I meant to say ecologically minded, not economically.
Does that include the 2 hour TSA line you have to go through just to catch your short hop? (unless you have TSA Pre or some other similar program)
You can use the elite frequent flier ID check line simply by showing your Alaska boarding pass to Portland or Spokane. It is still not Pre but it cuts down a lot of the time. I skipped ~300 people on Tuesday using that. Alaska knows that people would just drive if security was really slow.
I have tsa pre check. Security usually takes 5 minutes.
I do as well, and there are times you just walk through. At O’Hare Monday it took three minutes.
Even when you’re in the main lines I have never had it take more than 25 minutes, which does seem like an eternity when you’re standing there and have a flight to catch.
You do still have to get there early, of course, but I find an hour/1:15 before departure more than sufficient. If Amtrak allowed you to pre-book your seat it would help; the lack of security necessary to travel is an advantage, and it’s certainly more comfortable than the plane (by a loooooong way), but if fares are even remotely close sometimes the plane just works better.
I would love it if the state sped up their current long-range plans to achieve higher speeds that are competitive not only with flying but with driving. That drive gets really old after a while. I’d love even more to see it to Vancouver, but apparently there are some issues on the other side of the border as well that are in the way of that.
Yeah, when a round trip train ride to Portland is $90 and takes more than 3.5 hours each way, you’d be hard pressed to ride as a solo traveler. If you travel with someone else, you could rent a car, pay for parking downtown and still probably be less than the $180 you’d pay for Amtrak. Yes I know I-5 is subsidized; why can’t Amtrak be to the point where it makes economical sense?
I’ve noticed recently that the FHSC has changed their destination signage to include a number before the destination. While looking much like a route number on Metro, being a full height (2 row high) character on the left side of the sign, I believe it is in fact the vehicle or run number, as I’ve seen a 1, 2 and 4 in recent days. This would seem very confusing for an out of town visitor, who could easily think, “I rode in on the 4, so heading back, I shouldn’t catch this 2, but wait for the next 4.” Or worse, catch a No 4 bus, thinking they share the route.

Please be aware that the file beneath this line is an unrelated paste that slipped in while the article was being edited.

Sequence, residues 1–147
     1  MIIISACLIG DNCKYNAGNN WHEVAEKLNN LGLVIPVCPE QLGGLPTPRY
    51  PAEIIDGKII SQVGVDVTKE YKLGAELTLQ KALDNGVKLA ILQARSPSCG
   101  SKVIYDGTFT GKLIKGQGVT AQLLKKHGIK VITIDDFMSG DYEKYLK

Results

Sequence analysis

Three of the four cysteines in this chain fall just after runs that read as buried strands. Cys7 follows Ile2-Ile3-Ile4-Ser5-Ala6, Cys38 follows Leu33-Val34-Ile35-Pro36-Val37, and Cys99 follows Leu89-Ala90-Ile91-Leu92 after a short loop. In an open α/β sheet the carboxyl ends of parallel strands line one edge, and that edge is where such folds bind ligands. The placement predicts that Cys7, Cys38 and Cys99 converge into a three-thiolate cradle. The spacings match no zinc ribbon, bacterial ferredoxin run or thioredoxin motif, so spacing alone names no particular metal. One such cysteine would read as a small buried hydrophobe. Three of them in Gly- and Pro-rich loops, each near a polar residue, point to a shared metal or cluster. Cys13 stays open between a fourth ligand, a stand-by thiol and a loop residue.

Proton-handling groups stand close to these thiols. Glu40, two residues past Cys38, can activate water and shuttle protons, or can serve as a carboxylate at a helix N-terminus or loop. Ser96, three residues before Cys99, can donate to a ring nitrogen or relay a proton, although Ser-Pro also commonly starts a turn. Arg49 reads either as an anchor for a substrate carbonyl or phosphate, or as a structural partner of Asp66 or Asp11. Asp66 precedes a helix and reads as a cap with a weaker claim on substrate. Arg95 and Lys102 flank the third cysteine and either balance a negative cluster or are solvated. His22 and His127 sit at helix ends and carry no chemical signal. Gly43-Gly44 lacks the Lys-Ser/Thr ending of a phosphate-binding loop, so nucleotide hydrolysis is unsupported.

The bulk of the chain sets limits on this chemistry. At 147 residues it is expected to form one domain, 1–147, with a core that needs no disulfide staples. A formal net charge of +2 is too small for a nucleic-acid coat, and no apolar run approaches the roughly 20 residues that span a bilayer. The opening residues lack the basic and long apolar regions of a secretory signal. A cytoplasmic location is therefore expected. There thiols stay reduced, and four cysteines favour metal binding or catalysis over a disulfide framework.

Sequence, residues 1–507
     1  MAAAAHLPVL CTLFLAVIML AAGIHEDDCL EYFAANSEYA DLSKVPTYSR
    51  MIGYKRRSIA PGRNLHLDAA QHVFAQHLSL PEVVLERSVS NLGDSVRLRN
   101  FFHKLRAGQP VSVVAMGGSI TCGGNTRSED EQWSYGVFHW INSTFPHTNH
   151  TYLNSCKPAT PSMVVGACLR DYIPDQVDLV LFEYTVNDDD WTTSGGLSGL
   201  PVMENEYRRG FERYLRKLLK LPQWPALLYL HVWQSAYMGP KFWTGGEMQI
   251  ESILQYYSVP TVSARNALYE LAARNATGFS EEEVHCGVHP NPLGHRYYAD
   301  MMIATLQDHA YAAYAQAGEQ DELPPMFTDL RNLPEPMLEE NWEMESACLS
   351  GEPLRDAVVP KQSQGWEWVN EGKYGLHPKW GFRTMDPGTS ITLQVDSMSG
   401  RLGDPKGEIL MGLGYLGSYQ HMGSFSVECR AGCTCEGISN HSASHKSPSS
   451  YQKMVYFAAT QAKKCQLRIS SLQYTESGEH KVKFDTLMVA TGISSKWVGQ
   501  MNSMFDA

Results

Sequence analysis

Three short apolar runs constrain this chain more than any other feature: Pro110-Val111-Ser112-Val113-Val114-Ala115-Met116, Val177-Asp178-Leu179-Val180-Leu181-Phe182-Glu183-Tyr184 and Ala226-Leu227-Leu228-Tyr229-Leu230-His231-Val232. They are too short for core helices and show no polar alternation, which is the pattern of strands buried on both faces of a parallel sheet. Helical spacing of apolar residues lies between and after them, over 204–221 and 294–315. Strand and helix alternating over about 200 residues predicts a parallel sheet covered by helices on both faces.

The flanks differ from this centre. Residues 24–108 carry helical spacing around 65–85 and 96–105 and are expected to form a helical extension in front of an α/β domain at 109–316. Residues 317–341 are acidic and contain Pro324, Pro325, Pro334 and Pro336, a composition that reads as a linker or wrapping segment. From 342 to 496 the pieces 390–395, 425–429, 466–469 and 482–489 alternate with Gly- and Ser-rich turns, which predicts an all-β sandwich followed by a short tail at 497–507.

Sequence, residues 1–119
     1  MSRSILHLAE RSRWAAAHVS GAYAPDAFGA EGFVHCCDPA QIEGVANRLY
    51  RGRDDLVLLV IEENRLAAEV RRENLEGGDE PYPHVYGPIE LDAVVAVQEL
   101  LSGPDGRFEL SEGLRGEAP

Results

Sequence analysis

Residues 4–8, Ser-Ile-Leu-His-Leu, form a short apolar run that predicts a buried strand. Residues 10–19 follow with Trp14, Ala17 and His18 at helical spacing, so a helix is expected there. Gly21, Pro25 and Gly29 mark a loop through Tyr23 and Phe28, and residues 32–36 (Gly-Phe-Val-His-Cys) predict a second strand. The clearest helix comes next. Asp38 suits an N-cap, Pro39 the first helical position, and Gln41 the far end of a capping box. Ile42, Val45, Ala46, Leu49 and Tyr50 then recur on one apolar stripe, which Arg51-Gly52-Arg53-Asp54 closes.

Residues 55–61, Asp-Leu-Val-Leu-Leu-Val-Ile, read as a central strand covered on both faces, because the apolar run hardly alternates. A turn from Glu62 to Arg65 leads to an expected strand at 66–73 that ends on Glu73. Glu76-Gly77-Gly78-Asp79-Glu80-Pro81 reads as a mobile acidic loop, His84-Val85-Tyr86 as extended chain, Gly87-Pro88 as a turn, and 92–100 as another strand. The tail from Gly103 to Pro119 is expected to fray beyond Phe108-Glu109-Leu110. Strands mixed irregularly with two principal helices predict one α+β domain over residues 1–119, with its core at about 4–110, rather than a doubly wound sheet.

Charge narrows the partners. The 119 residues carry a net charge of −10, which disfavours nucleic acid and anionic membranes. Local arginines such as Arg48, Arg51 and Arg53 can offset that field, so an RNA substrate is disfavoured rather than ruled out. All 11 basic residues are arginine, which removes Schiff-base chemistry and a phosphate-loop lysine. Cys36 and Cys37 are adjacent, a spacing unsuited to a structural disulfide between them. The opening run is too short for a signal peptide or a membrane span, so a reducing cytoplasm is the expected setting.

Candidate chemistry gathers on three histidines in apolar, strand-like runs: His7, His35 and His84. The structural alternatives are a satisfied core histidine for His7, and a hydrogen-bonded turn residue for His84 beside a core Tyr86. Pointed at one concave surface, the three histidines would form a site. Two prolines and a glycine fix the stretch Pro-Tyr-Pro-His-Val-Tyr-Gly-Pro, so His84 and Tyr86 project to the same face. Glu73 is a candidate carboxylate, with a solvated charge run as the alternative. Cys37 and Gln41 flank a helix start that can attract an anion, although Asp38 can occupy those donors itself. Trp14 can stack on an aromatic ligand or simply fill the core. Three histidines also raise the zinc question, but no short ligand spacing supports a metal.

I’ve never seen any system in any other city prominently display a vehicle number on the destination sign.
I’ve noticed that too; it looks inadvertent. Why they think the run number should be in the line/destination sign is beyond me.
The Stranger reveals why Link cannot run all night:
Apparently the software/firmware/control systems need to be worked on every night for several hours. In light of the problems that WMATA is having, I guess we can’t complain too much, but I do wonder if some efficiencies can be found.
with that excuse, discussion even of a single track solution is precluded.
the ops expense of keeping all the stations open is real, but that doesn’t sound like how the systems should work.
I don’t think that’s a fair representation – he’s saying they need that time period with the tracks cleared to run tests when they update software. It’s not needed every night, but when they run tests, the tracks need to be fully cleared & there needs to be a long enough time period to troubleshoot before service restarts.
So why is five nights a week not sufficient?
Seriously. Running later Fridays and Saturdays should not completely break their maintenance program. Why are they so busy listing reasons they can’t do this rather than listing out what would be needed to do it?